Meanwhile, in the United States, neo-conservatives are primed with a decade-long program to attack Iran that they have conveniently grafted onto the Hezbollah-Israeli conflict.
Yet, the Sunni states and the neo-conservatives are mistaken in their analysis and in their strategic goals.
The Sunni states seem to hope that the Shiite world as a whole will be weakened through Israel's actions. But no magic Israeli bullet will eliminate the need of the nations in the region to come to peaceful terms with Iran, which grows stronger and more prosperous every day with every American misstep and every increase in the price of oil. Nor can the Sunni states avoid accommodating the significant, growing non-Iranian Shiite population in the region.
As for the neo-conservatives, their basic thesis on Iran can be found in an article by William Kristol, writing in the Weekly Standard and London's Financial Times on July 16: "No Islamic Republic of Iran, no Hezbollah. No Islamic Republic of Iran, no one to prop up the Assad regime in Syria. No Iranian support for Syria ... little state sponsorship of Hamas and Hezbollah."
But Hamas and Hezbollah are not puppets. They have control of their own actions and destinies. More importantly, the neo-conservatives' proposed action -- attacking Iran militarily -- is acknowledged by American military strategists to be impractical and potentially ineffective at this time. Even if the United States or Israel could successfully destroy the Iranian government through a military attack, this action would not curtail violence against Israel. More specifically, it would not destroy Hezbollah or Hamas.
Hamas was founded in 1987, but its pedigree predates the Iranian Revolution since its parent organization, the Muslim Brotherhood, dates back to the 19th century. Iran has no control at all over Hamas' actions or its political agenda. The closest Iran comes to actually influencing Hamas is through financial support, provided based on a general open appeal from Hamas leader Khaled Mesha'al after Hamas won the election in Palestine.
Iran was instrumental in the birth of Hezbollah in the early 1980s, when it was the only defense available for the Shiite community. However, though Hezbollah uses Iranian arms, former CIA analyst and now Georgetown University professor Daniel Byman wrote in Foreign Affairs in 2003 that Iran "lacks the means to force a significant change in the [Hezbollah] movement and its goals. It has no real presence on the ground in Lebanon..."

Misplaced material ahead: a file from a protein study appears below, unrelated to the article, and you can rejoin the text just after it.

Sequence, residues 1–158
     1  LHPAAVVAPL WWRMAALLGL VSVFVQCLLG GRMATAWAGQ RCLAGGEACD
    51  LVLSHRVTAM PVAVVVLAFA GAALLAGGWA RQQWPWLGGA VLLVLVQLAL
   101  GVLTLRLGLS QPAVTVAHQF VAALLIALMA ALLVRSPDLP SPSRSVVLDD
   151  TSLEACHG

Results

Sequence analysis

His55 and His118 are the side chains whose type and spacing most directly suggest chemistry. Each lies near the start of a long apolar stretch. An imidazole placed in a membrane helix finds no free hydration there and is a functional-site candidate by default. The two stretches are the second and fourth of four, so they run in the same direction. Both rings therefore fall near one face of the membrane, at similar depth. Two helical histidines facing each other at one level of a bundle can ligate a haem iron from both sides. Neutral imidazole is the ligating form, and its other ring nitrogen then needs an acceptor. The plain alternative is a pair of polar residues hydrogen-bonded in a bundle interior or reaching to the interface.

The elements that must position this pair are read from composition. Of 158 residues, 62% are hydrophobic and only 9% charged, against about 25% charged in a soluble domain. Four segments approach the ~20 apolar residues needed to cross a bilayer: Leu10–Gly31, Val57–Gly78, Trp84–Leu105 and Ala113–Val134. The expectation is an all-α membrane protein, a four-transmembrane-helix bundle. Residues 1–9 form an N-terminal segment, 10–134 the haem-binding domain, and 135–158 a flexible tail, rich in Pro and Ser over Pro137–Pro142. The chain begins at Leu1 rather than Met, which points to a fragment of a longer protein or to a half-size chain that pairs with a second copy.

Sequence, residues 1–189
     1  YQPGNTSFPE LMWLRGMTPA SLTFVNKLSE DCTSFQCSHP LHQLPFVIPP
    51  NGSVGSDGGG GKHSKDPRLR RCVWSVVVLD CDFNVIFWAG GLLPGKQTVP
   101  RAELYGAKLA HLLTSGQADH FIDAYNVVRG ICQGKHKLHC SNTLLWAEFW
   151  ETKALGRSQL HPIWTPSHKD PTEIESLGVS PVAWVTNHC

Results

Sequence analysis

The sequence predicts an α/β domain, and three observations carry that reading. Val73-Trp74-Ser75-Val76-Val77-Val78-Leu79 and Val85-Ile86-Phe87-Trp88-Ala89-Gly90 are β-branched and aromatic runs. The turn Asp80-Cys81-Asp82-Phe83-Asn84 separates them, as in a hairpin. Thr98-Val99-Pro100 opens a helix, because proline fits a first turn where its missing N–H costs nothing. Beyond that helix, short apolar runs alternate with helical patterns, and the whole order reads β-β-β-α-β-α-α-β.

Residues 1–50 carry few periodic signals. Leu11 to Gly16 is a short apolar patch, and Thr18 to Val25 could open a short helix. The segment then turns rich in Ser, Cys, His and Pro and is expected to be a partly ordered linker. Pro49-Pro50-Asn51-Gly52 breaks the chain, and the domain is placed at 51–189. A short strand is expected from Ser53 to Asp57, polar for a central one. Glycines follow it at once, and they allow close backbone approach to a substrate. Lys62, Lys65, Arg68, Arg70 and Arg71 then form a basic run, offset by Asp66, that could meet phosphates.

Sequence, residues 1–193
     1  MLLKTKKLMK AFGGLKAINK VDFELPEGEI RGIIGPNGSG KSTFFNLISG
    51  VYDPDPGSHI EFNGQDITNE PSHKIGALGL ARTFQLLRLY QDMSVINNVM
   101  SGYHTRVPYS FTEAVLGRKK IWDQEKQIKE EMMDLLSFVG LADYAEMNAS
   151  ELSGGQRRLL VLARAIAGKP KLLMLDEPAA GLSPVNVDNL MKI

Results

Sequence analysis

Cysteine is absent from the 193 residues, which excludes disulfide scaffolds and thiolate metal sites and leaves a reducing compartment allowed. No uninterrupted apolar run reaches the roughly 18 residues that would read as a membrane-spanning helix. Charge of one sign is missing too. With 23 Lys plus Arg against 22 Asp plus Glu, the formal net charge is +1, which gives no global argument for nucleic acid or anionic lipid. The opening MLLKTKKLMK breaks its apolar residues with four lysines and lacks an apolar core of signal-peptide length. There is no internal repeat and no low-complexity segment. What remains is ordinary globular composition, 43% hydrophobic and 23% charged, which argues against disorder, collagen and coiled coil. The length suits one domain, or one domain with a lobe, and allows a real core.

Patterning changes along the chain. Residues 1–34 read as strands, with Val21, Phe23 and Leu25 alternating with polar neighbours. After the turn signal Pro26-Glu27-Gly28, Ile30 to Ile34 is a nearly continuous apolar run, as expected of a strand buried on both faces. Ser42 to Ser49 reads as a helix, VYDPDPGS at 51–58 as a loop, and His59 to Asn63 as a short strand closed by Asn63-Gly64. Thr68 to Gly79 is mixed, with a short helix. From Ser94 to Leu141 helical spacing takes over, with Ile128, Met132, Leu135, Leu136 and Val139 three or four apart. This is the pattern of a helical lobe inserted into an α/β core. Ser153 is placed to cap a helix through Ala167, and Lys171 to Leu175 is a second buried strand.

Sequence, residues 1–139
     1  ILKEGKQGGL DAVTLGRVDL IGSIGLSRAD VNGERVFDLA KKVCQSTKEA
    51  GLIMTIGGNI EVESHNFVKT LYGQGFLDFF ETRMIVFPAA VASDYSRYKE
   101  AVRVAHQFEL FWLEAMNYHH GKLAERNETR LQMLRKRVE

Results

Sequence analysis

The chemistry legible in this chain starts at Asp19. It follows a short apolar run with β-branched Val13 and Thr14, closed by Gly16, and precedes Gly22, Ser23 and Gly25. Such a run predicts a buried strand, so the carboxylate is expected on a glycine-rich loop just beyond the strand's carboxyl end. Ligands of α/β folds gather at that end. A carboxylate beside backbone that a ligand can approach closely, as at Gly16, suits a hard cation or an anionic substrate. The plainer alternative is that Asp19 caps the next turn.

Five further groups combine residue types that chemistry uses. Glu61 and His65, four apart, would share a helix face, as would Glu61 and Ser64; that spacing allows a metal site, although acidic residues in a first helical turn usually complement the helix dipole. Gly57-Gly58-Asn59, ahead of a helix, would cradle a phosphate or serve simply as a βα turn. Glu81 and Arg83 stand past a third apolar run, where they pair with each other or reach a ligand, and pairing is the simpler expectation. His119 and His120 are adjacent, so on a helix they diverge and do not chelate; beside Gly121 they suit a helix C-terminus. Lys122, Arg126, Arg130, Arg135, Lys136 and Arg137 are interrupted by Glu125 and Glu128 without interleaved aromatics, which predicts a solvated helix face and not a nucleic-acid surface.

In short, both Hamas and Hezbollah have their own history, their own reasons for existing, and their own agendas regarding Israel and the West. They are not empty vessels waiting to be filled with an Iranian agenda. Yet the neo-conservatives still say: destroy the state supporters, in this case Iran, and the offending groups will be destroyed in turn.
This spiel should sound ominously familiar to Washington policy makers. It was the precise formula promulgated by a major group of neo-conservative advisors, including Richard Perle and Douglas Feith, to then-Israeli Prime Minister Benjamin Netanyahu in 1996. They called for the overthrow of the governments of Iraq, Iran and Syria, on the theory that this would undercut support for groups opposing Israel. Again in 1998, many of the same neo-cons, along with Donald Rumsfeld and Paul Wolfowitz, advocated the overthrow of Saddam Hussein, in part to obtain security for Israel.
Washington should reject the neo-conservative agenda and instead reach out to Iran. Many Westerners may find it hard to believe that Iran could ever play a positive role in a conflict of this sort. Yet Iran craves the respect of the international community more than any other commodity one might offer, and relishes the idea that it might be offered a respectful position as a peacemaker. Iran has hinted in the recent past that it would drop its hostile posture toward Israel if relations with the United States were to improve.
Though the Islamic Republic does not directly influence the actions of Hezbollah and Hamas, they offer a way to talk to the two groups. Iran has been willing to serve as mediator in the past in the region, notably in working with Armenia and Azerbaijan, and has garnered bona fides for its efforts.
Vilifying Iran is not doing anyone any good. But talking to them and asking them for a little help might do a great deal to bring peace to the region.
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July 20, 2006 (http://www.albionmonitor.com)
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